This month I came across 4 properties with different types of sagging roofs. So here we go.
A single-family roof framing is commonly comprised of rafters, which are the sloped members that the roof deck is nailed to, and ceiling joists or rafter ties, which are the horizontal members. When you are standing or sitting in an attic the rafters are seen above you and the ceiling joists below you. These members are commonly configured such that they form a triangle with two sloped topsides and one flat bottom side. The triangle is a very interesting shape because no matter which direction you apply a load or a pressure, the other two members will provide support.
So why do roofs sag?
Weakened roof material
Water damage can be a major cause of roofing problems. It can cause sections of your roof to rot and weaken. There are lots of ways snows and rain can infiltrate your roof. Moisture can find weaknesses in your roof and settle there. As it sits, it causes the roofing material to deteriorate. It can even cause mold and mildew to develop, further weakening it. Your roof has some protection from the elements – shingles and flashing, for example – but that doesn’t mean that it’s impenetrable. Make sure your roof is properly draining rainwater off of it. Have professional do periodic checks for signs of water damage. Poor ventilation is another way your roof material can weaken. Poor ventilation means that air isn’t circulating which means that moisture is sitting stagnant on your roof.
Faulty Roof Material
The quality of your roofing material plays a big role in determining how long it will last. A roof constructed using asphalt shingles may be less expensive, but it won’t last as long as one that uses, say slate, which can sometimes last 100 years. This applies to all of the elements that come together to form the roof – beams, nails, etc. Also, the best roofing materials in the world won’t matter if they are not installed properly. Make sure that whatever roof work you have done is done by a professional.
Too Much Weight
Snow, ice and rain can cause big problems if they’re allowed to settle and sit on your roof for a long time. Your roof is designed to support a certain amount of weight. It can withstand the occasional snow or rainstorm, but prolonged stress isn’t good for it. The critical factor in determining excessive snow loads on your roof isn’t the depth of the snow, it’s the weight. That’s because wet snow is considerably heavier than dry, fluffy snow. In fact, six inches of wet snow is equal to the weight of about 38 inches of dry snow. The good news is that residential roofs are required by building codes to withstand the heaviest snows for that particular part of the country.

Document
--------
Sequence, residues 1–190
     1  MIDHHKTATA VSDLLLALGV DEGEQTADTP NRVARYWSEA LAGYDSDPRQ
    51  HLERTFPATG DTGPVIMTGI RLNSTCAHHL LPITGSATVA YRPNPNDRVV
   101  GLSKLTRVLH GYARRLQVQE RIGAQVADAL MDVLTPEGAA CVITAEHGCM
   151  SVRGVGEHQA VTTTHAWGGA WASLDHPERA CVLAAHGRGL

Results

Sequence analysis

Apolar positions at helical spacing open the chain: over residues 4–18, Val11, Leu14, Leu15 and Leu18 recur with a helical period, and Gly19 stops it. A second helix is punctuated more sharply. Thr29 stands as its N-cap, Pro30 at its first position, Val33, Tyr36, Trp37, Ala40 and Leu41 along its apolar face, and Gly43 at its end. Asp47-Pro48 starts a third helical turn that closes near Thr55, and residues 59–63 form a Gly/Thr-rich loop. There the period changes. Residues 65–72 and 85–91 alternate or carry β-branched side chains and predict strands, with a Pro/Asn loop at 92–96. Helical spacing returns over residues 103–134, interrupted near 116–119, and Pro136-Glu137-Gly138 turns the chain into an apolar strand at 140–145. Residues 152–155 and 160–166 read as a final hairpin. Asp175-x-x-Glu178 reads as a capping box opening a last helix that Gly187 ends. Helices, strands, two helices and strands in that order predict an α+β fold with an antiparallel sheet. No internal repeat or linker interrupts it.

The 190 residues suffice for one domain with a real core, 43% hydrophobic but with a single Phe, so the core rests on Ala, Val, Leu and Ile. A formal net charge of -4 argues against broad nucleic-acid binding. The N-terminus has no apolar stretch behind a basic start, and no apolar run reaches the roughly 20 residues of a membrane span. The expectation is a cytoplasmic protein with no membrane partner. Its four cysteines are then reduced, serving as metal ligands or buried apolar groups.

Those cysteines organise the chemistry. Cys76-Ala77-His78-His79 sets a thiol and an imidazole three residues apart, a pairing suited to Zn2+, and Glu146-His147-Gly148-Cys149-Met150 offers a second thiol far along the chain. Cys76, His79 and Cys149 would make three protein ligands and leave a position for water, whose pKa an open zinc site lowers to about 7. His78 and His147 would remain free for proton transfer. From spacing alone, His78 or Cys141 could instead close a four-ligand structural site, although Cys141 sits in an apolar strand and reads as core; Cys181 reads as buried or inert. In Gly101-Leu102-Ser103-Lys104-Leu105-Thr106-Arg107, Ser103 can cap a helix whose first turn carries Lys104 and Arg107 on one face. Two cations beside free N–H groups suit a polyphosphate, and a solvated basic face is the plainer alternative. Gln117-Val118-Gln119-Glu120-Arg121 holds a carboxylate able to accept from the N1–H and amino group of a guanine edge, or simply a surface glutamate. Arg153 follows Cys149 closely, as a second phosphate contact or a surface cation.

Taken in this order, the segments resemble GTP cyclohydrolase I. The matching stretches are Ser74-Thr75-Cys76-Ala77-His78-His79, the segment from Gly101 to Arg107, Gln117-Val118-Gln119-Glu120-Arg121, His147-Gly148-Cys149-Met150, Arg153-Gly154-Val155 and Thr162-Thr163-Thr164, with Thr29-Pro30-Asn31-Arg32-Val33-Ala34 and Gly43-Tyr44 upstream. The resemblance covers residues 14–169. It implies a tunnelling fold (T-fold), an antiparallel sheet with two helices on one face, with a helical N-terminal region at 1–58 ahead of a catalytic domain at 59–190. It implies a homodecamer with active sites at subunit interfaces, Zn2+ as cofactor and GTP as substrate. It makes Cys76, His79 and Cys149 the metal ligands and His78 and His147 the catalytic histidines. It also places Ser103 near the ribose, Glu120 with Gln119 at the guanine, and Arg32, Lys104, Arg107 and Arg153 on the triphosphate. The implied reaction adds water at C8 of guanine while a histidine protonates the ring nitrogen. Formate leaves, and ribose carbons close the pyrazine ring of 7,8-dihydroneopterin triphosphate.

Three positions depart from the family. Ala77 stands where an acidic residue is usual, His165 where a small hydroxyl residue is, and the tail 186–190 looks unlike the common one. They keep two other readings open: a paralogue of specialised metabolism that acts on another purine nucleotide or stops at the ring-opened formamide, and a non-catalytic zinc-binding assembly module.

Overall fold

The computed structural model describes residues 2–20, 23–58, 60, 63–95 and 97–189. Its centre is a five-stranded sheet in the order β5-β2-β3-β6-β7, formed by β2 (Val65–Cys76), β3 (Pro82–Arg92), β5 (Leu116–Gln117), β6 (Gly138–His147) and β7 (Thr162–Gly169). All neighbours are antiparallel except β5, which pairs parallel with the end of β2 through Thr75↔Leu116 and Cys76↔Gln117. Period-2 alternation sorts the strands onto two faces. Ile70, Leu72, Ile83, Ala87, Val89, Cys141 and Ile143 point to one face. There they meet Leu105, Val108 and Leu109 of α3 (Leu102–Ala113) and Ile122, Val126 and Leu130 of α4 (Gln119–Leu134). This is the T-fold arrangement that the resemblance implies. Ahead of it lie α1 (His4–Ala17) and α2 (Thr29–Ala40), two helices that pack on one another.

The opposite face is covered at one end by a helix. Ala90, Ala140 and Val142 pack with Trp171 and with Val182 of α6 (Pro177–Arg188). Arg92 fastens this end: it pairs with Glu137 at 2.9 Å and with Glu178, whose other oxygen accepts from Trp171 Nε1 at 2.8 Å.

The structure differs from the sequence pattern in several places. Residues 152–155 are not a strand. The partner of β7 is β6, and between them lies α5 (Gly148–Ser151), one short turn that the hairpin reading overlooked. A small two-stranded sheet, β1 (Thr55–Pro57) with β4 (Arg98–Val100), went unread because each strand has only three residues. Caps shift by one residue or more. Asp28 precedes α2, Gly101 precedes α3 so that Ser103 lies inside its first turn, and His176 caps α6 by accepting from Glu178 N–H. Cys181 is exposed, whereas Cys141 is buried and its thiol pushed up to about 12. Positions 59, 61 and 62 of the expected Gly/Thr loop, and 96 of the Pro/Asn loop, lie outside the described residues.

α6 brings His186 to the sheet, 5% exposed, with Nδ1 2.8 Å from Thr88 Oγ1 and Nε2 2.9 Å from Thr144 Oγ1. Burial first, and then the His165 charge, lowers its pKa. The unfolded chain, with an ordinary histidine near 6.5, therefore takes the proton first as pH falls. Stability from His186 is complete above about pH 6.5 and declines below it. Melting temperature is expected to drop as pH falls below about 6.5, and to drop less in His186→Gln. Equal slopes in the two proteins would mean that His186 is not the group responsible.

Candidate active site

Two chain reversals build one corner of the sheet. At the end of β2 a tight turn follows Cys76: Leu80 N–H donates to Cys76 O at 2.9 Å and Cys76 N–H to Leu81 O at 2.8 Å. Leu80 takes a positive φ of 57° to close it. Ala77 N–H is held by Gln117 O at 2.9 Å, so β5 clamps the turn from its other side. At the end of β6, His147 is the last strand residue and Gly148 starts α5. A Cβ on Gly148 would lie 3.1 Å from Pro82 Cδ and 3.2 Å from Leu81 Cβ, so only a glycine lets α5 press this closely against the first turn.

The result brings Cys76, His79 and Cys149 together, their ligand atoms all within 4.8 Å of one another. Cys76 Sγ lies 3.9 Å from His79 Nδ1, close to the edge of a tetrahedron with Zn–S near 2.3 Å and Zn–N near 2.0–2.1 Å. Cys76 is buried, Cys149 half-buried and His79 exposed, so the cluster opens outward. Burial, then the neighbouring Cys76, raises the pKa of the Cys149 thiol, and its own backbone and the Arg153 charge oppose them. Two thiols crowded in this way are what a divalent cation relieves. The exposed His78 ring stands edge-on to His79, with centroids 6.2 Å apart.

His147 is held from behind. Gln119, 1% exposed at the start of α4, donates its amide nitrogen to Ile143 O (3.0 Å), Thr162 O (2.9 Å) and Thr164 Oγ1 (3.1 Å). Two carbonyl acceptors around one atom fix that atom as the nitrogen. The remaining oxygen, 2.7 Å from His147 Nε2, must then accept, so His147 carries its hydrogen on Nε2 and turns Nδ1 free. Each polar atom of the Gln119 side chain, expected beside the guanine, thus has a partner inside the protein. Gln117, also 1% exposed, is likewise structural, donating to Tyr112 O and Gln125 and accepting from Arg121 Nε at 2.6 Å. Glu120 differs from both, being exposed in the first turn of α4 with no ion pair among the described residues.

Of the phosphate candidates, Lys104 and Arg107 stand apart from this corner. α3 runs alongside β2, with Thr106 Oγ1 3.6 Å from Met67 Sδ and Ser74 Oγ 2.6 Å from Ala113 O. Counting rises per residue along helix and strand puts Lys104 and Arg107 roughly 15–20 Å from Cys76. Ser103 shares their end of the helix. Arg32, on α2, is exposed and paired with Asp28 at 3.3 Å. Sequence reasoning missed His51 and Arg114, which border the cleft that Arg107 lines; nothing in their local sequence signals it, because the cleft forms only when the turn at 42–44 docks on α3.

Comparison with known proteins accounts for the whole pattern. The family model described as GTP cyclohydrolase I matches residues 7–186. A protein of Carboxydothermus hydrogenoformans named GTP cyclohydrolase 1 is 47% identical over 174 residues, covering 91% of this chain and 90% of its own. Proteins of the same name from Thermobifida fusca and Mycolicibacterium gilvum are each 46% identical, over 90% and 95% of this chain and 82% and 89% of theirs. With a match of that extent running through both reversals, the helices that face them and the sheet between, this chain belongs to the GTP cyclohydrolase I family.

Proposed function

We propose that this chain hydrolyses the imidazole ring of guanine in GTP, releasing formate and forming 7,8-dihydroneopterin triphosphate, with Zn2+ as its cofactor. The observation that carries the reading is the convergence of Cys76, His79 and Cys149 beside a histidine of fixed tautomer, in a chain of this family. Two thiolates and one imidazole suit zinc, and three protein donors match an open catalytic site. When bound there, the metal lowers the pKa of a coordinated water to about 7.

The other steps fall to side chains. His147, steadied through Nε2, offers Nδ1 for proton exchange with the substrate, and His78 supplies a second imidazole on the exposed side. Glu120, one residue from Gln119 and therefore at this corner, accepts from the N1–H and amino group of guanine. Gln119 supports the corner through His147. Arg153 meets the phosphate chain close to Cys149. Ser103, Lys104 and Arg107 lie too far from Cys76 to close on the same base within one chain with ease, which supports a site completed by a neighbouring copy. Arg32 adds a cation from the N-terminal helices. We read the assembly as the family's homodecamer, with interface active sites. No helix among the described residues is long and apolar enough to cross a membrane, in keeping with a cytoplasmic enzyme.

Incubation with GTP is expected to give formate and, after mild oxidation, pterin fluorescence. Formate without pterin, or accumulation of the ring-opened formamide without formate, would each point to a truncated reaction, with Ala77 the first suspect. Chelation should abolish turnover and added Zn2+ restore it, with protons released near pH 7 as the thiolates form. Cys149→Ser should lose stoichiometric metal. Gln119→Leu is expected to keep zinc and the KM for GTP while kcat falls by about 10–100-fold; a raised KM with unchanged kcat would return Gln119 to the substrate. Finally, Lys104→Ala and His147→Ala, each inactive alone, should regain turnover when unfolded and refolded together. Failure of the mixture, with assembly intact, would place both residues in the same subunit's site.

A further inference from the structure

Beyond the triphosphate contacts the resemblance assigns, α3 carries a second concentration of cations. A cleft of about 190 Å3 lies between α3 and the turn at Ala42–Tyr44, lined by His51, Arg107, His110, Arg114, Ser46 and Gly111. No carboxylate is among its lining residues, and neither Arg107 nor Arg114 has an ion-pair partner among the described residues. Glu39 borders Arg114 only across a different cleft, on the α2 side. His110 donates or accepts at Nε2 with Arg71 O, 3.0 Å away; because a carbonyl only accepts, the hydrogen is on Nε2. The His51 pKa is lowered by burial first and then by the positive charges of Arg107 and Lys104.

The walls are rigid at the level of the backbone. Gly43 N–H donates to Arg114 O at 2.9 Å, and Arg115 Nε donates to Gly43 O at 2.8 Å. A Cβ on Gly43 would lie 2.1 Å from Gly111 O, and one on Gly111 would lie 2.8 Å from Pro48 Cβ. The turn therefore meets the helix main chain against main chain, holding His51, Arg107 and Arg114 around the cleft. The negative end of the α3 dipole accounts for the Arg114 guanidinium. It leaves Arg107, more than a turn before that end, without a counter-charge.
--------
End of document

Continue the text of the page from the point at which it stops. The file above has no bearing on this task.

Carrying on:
“Theoretically, if your roof is built to code, it’s built to support more than the normal load of snow
You can determine the type of snow you’re getting simply by hefting a few shovelfuls — you should be able to quickly tell if the current snowfall is wet or dry. Local winter storm weather forecasts should alert you to the possibility that snow loads are becoming excessive and a threat to your roof.
How Do I Know There's a Problem?
An indication that the accumulated snow load is becoming excessive is when doors on interior walls begin to stick. That signals there’s enough weight on the center structure of the house to distort the doorframe. Ignore doors on exterior walls but check interior doors leading to second-floor bedrooms, closets, and attics in the center of your home. Also, examine the drywall or plaster around the frames of these doors for visible cracks. Homes that are most susceptible to roof cave-ins are those that underwent un-permitted renovations. The improper removal of interior load-bearing walls is often responsible for catastrophic roof collapses.
The Snow Load Seems Excessive, Now What?
Most home roofs aren’t readily accessible, making the job dangerous for do-it-yourselfers.
Instead, call a professional snow removal contractor to safely do the job. Check to make sure they are licensed and insured — that immediately sets them apart from inexperienced competitors.
Pro crews attack snow removal with special gear, including sturdy extension ladders, properly anchored safety harnesses, and special snow and ice-removal tools. Expect to pay $250 to $500 for most jobs.
Don’t expect (or demand) a bone-dry roof at job’s end. The goal is to remove “excessive” weight as opposed to all weight. Plus, any attempt to completely remove the bottom layer of ice will almost always result in irreparable damage to your roofing.
The Do It Your Self Option
If you have a small, one-story bungalow where the roof is just
off the ground, taking matters
into one’s own hands may be
safe — if you can work entirely from the ground and have the right tools. Long-handled snow rakes work great on freshly fallen snow, and at $45 they are relatively affordable. Look for models with sturdy telescoping handles and built-in rollers, which keep the blade safely above the shingles. Other versions work by releasing the snow from underneath. These models slide between the roof and snow, allowing gravity and the snows own weight to do most of the work. Models range from $50 to $125 or more for unique systems utilizing nylon sheeting. Again, search out models with sturdy adjustable handles. They tend to work their best on light, fluffy snow — the kind that probably doesn’t need to be removed in the first place. You’ll need to anticipate where the snow and ice will fall as you pull it off your roof — you won’t want to pull a load of heavy, wet snow down on top of yourself or any helpers. Remember, the goal isn’t to remove all visible snow and ice, but rather just enough to relieve the excessive load on the roof.